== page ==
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Hydronic Subloop Won't Prime

Enginerd
Enginerd Member Posts: 15
Hi everyone,

After some rework that involved draining the system, one zone of my hydronic system has only 2 out of 6 radiators that get hot. I had been under the mistaken impression that all radiators in the zone were in series, so I pulled my hair out and wasted a bit of time troubleshooting this before I got into my crawlspace and traced the pipes out to understand what was warming up and what wasn't. Here is a diagram of what I found:



The real piping is even more chaotic than my diagram, but I believe this is an accurate representation of what is connected to what and what direction things are at least supposed to flow. I cannot fathom how this ever worked, but it did. There is no balancing valve and the tees are regular vanilla tees, not monoflow tees. The hot water blows straight through the tees that the subloop is connected via, with the 90* in/outs cold.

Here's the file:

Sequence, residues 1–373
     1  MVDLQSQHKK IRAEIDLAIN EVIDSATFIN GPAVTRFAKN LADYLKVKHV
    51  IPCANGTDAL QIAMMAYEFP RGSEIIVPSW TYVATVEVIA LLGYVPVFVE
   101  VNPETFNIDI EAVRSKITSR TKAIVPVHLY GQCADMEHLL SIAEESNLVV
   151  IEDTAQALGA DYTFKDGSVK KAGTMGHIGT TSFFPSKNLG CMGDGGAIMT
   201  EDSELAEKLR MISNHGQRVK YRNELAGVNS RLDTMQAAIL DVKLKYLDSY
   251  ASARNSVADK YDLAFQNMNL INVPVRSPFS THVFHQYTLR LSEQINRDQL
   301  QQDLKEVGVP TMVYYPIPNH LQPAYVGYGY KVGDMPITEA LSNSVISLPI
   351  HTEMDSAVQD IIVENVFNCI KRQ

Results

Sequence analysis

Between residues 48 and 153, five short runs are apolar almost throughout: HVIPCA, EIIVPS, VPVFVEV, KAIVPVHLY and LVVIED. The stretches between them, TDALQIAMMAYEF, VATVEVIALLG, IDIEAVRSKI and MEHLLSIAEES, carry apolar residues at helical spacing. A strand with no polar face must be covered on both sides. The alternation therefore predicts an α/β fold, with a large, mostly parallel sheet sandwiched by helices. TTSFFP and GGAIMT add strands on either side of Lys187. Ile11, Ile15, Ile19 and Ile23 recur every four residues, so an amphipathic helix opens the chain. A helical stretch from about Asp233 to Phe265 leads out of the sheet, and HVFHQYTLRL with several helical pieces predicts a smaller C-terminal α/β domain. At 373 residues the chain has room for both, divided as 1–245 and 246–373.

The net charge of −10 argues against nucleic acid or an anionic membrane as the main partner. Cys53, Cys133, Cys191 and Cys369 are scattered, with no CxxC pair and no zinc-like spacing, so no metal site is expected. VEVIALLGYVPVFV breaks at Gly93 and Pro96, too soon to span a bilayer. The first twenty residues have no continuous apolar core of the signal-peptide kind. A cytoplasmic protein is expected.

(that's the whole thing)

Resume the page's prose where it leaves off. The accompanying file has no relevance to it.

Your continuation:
When the zone starts or stops, I can sometimes hear air in at least one of the cold radiators, but I can get nothing but water from any of the coin vents (fin/tube 3 in the diagram has no vent). All the coin vents are facing the wrong way and make a tremendous mess when you open them, because the stream blasts straight into the wall.

Unless there is some magic technique to get this bled and working, I think I have to make a change. Previous owner mentioned adding Fin/Tube 3 in the side entry, which is outside the insulated envelope of the house, and I suspect that the problem is rooted here. What would be the best way to do this? I have two candidate solutions in mind, but I'm open to suggestions.